Laurie Forest’s first YA novel earned the kind of reviews most authors dream about. Social Justice Warriors (SJWs) swiftly transformed those raves into a woke nightmare. Yet Forest persisted, and overcame the mob. And other artists should, too, if they have any hope of surviving the next wave of unseemly politically correct attacks on their work.
Forest’s book, The Black Witch, is the story of a girl living in a world where her race is deemed superior to other creatures (think: wolf men and selkies). She slowly learns to shed those ugly social constructs as the tale moves forward. One reviewer hailed the book as “an uncompromising condemnation of prejudice and injustice.”
But that wasn’t enough for SJW blogger Shauna Sinyard, who decided to make it her mission to defame Forest and her work with a meandering, aggrieved, 9,000-word blog post, as New York magazine reported. “It’s the most dangerous, offensive book I have ever read,” Sinyard raged, suggesting she hasn’t read very widely if that’s the case. YA Twitter, along with a few other influential authors, spread Sinyard’s rant far and wide. Forest was called a Nazi sympathizer. SJWs demanded that Harlequin Teen, the book’s publisher, do something about this hateful story.
Here’s where the story took an interesting turn: The publisher didn’t back down. Nor did Forest. And as New York notes, despite the vicious campaign launched against it, The Black Witch “scored a No. 1 rating in Amazon’s department of ‘Teen & Young Adult Wizards Fantasy’ a few days after its release and has been overwhelmingly well-reviewed since.”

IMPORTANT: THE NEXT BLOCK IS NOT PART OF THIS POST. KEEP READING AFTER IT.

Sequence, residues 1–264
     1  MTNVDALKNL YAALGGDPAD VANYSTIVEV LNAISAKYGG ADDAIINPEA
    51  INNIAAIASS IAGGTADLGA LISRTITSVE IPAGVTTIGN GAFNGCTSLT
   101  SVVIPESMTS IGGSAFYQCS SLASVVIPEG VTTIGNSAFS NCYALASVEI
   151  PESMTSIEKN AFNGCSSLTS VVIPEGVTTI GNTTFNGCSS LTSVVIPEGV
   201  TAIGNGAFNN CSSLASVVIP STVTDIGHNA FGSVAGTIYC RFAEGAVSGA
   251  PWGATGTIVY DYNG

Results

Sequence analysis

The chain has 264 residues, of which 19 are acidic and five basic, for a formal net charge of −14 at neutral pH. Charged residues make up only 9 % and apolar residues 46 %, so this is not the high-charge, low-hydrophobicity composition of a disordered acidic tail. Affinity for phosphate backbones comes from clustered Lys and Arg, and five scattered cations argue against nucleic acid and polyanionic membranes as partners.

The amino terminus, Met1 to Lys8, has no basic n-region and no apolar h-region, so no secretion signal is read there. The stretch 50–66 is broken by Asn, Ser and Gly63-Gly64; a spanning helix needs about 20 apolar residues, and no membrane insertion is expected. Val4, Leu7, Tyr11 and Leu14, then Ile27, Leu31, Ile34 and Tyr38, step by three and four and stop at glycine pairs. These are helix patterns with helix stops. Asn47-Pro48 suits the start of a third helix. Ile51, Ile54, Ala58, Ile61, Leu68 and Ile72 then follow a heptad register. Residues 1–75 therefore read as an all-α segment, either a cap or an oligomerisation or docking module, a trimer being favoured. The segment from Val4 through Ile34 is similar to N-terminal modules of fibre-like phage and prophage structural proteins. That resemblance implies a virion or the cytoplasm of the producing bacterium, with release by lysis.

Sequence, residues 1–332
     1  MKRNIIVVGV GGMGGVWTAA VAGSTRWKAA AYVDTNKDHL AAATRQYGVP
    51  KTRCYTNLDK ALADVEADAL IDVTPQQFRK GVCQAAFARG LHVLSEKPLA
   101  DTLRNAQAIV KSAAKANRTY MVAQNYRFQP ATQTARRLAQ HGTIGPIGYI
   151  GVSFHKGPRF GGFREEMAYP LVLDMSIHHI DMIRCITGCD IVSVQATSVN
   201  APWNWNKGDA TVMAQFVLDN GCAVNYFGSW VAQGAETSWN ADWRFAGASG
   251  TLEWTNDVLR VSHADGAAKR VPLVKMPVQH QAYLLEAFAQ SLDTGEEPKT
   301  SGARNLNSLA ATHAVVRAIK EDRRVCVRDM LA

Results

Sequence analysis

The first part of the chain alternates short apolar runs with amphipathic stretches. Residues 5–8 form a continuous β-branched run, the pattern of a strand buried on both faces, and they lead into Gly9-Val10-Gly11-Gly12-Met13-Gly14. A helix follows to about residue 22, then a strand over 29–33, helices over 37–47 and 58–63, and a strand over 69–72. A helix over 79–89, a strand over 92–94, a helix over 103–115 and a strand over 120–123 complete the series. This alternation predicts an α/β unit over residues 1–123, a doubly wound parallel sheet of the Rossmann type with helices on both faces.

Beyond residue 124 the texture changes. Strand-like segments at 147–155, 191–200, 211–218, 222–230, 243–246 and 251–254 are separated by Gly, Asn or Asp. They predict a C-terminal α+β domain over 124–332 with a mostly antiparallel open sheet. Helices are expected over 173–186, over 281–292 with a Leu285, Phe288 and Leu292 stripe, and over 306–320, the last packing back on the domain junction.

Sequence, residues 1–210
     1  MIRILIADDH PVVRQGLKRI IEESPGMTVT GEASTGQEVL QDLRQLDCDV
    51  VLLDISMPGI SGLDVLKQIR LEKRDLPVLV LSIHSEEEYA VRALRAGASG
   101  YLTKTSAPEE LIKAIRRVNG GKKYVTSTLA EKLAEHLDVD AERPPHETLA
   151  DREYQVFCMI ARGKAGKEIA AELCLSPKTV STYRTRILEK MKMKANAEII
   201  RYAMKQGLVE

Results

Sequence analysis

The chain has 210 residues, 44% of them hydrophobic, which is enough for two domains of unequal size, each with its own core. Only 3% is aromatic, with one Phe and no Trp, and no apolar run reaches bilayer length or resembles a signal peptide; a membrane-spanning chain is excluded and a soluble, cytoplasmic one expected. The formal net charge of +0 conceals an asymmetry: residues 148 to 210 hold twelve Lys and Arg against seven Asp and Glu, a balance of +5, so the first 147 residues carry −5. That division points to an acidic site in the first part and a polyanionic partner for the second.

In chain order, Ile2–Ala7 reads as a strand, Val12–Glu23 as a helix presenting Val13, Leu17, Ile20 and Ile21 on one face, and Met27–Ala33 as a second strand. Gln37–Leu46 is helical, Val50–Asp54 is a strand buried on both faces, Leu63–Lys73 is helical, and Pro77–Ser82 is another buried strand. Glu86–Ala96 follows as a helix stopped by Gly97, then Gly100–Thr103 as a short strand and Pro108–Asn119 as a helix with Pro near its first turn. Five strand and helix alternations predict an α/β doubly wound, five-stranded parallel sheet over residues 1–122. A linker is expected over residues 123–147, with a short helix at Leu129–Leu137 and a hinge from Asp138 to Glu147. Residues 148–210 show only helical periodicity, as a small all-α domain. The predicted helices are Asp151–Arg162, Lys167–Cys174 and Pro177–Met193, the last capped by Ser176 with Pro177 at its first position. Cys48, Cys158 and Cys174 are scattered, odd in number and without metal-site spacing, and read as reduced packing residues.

That’s a lesson for artists girding for the next battle in our larger culture war. Give in to SJW demands via a carefully worded apology and the matter may not resolve itself. Stand your ground, ignore the Twitter mob, and do your work, and chances are the SJWs will eventually move on to other, more “problematic” topics.
That doesn’t mean we should ignore the online revolt against Forest’s book, of course, which was deeply unfair. The incident, and other, nearly identical attacks, speak volumes about those who start and fuel them.
Sinyard’s initial post attacking Laurie Forest and her book snared the kind of traffic any blogger craves. Her followers clearly enjoyed piling on with an intense bout of virtue-signaling, so much so that many of them actually admitted that they hadn’t bothered to read the book in question. They didn’t need to; they knew it must be bad because someone on Twitter said so.
In other words: these days, being “woke” means never having to understand the issues you’re so “woke” about, evidently.
And it’s not just books. Take the outrage over William Shatner’s recent comments on Twitter. The eighty-six-year-old actor took on SJWs, as FoxNews reported, when he tweeted: “Why is it that SJW’s think they can align themselves with those that demanded social reform in the [’60s]?” He continued: “And this is your failure of logic. SJWs stand for inequality, where they are superior to any one else hence my use of Misandry and Snowflake.” Rather than engage the point Shatner was making (that today’s social justice campaigns are neither as compelling nor as serious as those of the Civil Rights Era), Twitter SJWs simply called him “elderly” and “privileged.” Shatner hasn’t responded to the angry virtual mob.
Actor Jamie Foxx also stood his ground when he caught heat for using made-up sign language gestures while appearing on The Tonight Show with Jimmy Fallon. Select members of the deaf community called the bit outrageous. Foxx ignored them. The issue went away in short order. Compare that reaction to the one made by Chris Pratt, who looked absurd apologizing to the deaf community for a silly joke tied to an Instagram post.
The lesson in all of this for writers and artists, and even the previously safe liberal celebrities such as Amy Schumer and Tina Fey? Apologizing to the SJW crowd only emboldens it. Apologies are chum in the water for SJW sharks. Don’t feed them.
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